Regional observers have been less forgiving in their appraisal of the law. A Saudi Gazette editorial calls the law “undemocratic” and “racist,” and sees it as an attempt by rightwing Jewish politicians to push Israeli Arab citizens out of the country: “There is an obvious attempt by Israel these days to make Israel as Jewish as possible and to erase any affiliation it has with Arabs....Lieberman says he favors ceding Arab-majority areas in northern Israel to a future Palestinian state and providing economic incentives for Arab-Israelis — about 20 percent of Israel’s population of eight million — to encourage them to emigrate....As for Netanyahu’s parliamentary bill to formalize Israel’s status as a Jewish state, it will institutionalize the status of Arab-Israelis as second-class citizens. The bill is anti-democratic and racist. Netanyahu’s request may seem innocuous on the face of it, but the implications can be immense for millions of non-Jewish Palestinians living in Israel, the West Bank, and other parts of the world.”

An editorial in The Peninsula also takes aim at the anti-democratic tendencies reflected in the bill, warning that Netanyahu’s actions “are pushing Israel into a dangerous spot’’: “The bill is aimed at stripping Israeli Arabs of their key rights. It would recognize Israel’s Jewish character, institutionalize Jewish law as an inspiration for legislation and de-list Arabic as a second official language.... Netanyahu and his rightist colleagues are pushing Israel into a dangerous spot. The Jewish state is facing international isolation under him, and Western public support for his government’s illegal actions is dwindling. The Jewish bill will do more damage than good. Israel has been priding itself on its democratic credentials, trumpeting that it’s the only democracy in a region of autocracies. Democracy advocates inclusion; equality of all citizens is its basic principle, and discrimination destroys its very foundation. The bill will make Israeli democracy unique — one that divides citizens and creates walls, very much unlike the European and American models Tel Aviv has been bragging about.”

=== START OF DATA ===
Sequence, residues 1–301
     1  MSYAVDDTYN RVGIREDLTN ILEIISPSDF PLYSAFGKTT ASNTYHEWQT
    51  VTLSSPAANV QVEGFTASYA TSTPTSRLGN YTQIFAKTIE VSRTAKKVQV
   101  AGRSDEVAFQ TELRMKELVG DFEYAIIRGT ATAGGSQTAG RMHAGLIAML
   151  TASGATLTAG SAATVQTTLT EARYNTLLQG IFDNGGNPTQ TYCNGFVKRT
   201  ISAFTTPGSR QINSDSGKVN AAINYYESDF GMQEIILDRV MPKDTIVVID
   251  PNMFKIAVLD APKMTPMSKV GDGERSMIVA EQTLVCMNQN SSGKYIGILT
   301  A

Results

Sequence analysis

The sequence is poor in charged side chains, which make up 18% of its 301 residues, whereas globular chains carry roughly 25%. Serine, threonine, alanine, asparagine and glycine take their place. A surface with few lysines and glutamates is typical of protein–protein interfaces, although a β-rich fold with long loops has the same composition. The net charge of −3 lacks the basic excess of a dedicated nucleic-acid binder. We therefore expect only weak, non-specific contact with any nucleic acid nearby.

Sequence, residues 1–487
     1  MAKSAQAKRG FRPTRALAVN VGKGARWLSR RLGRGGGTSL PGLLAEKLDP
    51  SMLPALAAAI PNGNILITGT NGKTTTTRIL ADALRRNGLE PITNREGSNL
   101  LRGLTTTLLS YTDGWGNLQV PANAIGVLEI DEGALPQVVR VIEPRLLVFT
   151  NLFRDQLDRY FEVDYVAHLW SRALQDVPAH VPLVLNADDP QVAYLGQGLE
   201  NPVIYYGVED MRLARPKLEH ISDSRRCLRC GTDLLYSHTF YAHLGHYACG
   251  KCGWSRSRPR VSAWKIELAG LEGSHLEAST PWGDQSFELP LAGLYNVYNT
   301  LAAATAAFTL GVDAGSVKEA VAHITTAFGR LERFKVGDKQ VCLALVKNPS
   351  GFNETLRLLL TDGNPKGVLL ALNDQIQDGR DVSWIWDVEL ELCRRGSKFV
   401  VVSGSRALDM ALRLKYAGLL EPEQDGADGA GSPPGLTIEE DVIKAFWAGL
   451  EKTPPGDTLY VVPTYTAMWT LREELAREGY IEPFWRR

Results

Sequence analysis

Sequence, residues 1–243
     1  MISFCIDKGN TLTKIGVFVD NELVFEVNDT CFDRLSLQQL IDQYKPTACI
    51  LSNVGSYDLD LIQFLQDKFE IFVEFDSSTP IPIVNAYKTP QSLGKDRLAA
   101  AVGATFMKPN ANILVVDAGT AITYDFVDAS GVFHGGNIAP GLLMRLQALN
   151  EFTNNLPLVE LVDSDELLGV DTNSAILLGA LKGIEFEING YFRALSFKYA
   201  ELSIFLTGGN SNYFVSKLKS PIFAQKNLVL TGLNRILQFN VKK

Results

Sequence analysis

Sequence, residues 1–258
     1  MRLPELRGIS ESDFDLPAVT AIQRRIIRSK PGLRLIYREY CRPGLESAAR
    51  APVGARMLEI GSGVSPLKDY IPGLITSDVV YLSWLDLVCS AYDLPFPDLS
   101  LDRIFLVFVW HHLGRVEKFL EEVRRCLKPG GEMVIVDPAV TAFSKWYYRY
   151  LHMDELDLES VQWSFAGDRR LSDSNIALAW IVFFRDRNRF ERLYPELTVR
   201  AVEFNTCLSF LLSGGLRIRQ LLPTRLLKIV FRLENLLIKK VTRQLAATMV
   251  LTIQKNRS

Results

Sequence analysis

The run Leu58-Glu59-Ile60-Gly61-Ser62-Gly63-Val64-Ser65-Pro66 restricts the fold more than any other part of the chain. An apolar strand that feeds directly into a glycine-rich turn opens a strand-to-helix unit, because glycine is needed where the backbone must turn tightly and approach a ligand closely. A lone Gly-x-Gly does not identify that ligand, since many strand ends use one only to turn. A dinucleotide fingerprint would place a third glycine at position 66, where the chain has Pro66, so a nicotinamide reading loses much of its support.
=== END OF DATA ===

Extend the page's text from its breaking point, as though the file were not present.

Even though the split within the government has been evident for some time, there are indications that pushing through the nationality law made the presence of other coalitional partners untenable, leading to Netanyahu’s calling for new elections. The government’s record was such that the Haaretz editorial staff characterized it as “one of the worst in Israel’s history. It’s hard to list one achievement, while the damage was great. Foreign and security policies were suicidal. The government halted the peace process and accelerated annexation steps in the West Bank while upsetting the delicate status quo on the Temple Mount. It undercut democracy’s foundations with its repeated efforts to pass bills against illegal entry into Israel, its challenge of High Court rulings and its racist nation-state bills.

Given Haaretz’s traditional left-leaning bias, one could be tempted to dismiss its assessment of the government’s record. However, even if the impact of government policies does not amount to the failure described by Haaretz’s editorial staff, there is no arguing with a report by Globes, Israel’s business daily, that the dissolution of the government at this particular juncture has hurt domestic economic stability and sent the markets tumbling: “The political chaos in Israel and the decision to call early Knesset elections are continuing to sharply weaken the shekel....The dizzying depreciation of the shekel in just a few hours makes tangible the gravity of the harm that the breakup of the government is doing to market trust in Israel's political leadership, which may have the most negative impact on the Israeli economy and hit growth in 2015....Paralyzing systems, freezing reforms, the absence of a finance minister and the political uncertainty that will occur in the coming months of the election campaign will only strengthen the pressure on the shekel and deter investors.”